‘Beef wasn’t making ends meet for us – dairy is the future’
My week: Paul Brenan
Paul Brenan ticked off another box on his ‘must do’ list when he bought an Angus bull at Cillín Hill Mart in Kilkenny last Wednesday, for the princely sum of €2,300.
“I had my eye on him. He is a quiet animal and I expect him to be good with the herd back on the farm,” says the 27-year-old.
“He’ll be back home in Carlow in a few hours and that will be another part of the jigsaw in our changeover to a dairy enterprise completed.”
Along with his dad Paddy, and uncle Mike, Paul is busy switching the home farm in Ballinkillin in Co Carlow from a beef and sheep enterprise to dairy.
They hope to be up and milking by next spring.
It is a work in progress on the farm between Borris and Bagenalstown, but things are going to plan and Paul expects everything from planning permissions for the slurry tower and milking parlour to the purchase of a robotic milking system to be sorted by the autumn.
Most of the milking herd is already in place. “We bought 79 cows at recent disposal sale in Waterford and Cork,” says Paul. They are Holstein-British Friesian crosses with a drop of Jersey blood.
The change of enterprise, which was Paul’s idea, is all down to economics for the farm – made up of 114 acres owned plus 165 acres leased.
“Beef was not making ends meet, and the sheep – over 300 animals – are a bit hit and miss price-wise. Dairy is the future, so we decided to make the change now,” Paul explains.
And what of the expense of the transition? “It’s going to be expensive but there are TAMS grants for milking equipment and milking robots available and grants under the Young Farmers Scheme,” he says.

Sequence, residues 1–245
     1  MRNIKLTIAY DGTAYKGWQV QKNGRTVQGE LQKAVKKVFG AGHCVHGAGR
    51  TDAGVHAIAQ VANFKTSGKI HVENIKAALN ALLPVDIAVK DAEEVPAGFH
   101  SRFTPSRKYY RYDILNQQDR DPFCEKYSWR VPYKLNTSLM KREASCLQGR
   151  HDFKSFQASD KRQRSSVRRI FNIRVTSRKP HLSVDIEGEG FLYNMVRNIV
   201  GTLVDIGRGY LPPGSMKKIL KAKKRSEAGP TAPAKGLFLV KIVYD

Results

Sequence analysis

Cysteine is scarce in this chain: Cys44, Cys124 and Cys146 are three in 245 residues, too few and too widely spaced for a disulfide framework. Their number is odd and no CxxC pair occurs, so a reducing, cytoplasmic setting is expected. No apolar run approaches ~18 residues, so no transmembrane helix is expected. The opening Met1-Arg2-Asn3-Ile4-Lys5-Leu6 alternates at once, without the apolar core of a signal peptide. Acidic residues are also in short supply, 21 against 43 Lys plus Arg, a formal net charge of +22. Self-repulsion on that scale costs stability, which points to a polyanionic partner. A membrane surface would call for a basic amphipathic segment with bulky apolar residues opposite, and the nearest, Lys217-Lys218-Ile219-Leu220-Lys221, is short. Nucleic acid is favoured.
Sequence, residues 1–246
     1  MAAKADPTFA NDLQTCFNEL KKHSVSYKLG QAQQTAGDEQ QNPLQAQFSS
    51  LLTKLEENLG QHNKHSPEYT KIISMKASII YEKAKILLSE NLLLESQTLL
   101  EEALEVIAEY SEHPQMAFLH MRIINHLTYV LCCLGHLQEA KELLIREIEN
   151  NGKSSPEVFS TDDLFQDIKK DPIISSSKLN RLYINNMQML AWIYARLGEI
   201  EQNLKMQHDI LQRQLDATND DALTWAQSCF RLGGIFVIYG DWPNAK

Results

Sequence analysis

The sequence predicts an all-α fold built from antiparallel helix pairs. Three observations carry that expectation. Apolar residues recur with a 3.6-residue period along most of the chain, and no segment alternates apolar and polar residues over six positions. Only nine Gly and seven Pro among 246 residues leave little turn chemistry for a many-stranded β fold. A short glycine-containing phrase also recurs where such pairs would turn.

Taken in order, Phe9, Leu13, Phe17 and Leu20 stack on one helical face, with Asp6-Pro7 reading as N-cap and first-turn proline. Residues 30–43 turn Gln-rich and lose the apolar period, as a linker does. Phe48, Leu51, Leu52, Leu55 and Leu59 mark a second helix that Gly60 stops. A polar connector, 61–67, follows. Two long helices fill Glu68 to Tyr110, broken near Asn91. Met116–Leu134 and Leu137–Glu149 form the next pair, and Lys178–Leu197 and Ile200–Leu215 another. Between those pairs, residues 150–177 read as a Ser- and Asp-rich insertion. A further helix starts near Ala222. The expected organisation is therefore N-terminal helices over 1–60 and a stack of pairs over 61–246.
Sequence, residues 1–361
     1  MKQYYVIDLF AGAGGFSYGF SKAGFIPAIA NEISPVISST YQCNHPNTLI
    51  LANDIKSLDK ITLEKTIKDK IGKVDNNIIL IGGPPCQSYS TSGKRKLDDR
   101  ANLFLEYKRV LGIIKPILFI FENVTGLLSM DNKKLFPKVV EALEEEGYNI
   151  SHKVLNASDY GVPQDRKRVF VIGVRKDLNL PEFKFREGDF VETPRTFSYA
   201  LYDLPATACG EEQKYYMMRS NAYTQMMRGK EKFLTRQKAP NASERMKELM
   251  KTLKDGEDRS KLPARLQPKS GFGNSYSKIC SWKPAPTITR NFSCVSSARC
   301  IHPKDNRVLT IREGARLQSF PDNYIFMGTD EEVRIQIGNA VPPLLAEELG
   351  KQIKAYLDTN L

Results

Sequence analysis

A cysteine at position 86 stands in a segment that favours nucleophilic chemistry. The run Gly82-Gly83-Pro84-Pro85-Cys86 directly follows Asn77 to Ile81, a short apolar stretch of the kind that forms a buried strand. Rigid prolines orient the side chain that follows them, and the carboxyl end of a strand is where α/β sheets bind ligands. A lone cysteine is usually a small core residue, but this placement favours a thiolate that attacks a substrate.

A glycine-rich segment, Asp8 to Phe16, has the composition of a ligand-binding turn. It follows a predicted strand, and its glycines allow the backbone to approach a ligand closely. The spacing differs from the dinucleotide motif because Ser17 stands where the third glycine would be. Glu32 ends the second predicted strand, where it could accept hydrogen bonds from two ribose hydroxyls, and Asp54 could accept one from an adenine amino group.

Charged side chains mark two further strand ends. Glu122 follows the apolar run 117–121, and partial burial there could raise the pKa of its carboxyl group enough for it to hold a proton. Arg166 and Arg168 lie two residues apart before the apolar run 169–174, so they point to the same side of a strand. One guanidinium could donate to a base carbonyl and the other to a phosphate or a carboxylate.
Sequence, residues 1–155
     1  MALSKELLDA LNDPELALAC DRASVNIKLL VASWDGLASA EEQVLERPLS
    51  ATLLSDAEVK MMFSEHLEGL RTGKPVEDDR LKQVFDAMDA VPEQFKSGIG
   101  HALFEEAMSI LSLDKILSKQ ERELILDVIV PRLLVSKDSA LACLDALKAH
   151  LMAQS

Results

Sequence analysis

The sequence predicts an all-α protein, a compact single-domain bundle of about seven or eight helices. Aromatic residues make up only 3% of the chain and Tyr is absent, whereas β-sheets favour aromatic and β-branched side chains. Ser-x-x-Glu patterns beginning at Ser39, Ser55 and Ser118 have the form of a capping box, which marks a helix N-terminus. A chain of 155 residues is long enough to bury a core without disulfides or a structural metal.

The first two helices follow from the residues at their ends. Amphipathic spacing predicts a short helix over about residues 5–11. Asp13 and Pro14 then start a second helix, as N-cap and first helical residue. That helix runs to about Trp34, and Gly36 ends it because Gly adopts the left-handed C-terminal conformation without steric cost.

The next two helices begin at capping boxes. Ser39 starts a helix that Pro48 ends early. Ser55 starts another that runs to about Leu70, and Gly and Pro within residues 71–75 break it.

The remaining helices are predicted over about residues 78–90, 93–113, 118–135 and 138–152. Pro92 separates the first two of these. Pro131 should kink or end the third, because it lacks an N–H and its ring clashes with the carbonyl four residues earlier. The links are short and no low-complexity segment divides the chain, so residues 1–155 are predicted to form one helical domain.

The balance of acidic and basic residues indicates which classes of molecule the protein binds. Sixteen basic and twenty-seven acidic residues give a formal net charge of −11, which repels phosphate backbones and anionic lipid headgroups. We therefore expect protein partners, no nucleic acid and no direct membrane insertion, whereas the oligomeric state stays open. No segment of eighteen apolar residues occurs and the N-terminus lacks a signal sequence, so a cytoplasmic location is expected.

“It’s still going to be expensive but I am young enough to make sure we make a go of it in the long run.”
Paul was always going to be the farmer in the Brenan household, and completed his agricultural studies at Waterford IT.
He has been preparing for the enterprise change by working during the week on a dairy farm in nearby Davidstown, Co Wexford.
His younger brother, Sean (21) has opted to take their mother Carmel’s career route and is studying to become a teacher at the University of Limerick.
Three generations of the Brenan family have been in beef and sheep, but Paul says the family are now 100pc behind the move to dairying and are looking forward to the challenges which face them.
The beef herd has been partially sold but they are legally obliged to keep up to 25 head of cattle on the farm until towards the end of 2020, as they are in the Beef Genomic scheme.
Off farm, Paul’s main interest is skiing – a hobby which an aunt helped nurture from an early age. He has flown down the slopes with the best of them in Austria, Switzerland and Andorra. “It keeps me fit. I am not one for lying on a beach,” Paul says. And his main pastime in Ireland is also outdoors – “gardening, when I get the time”.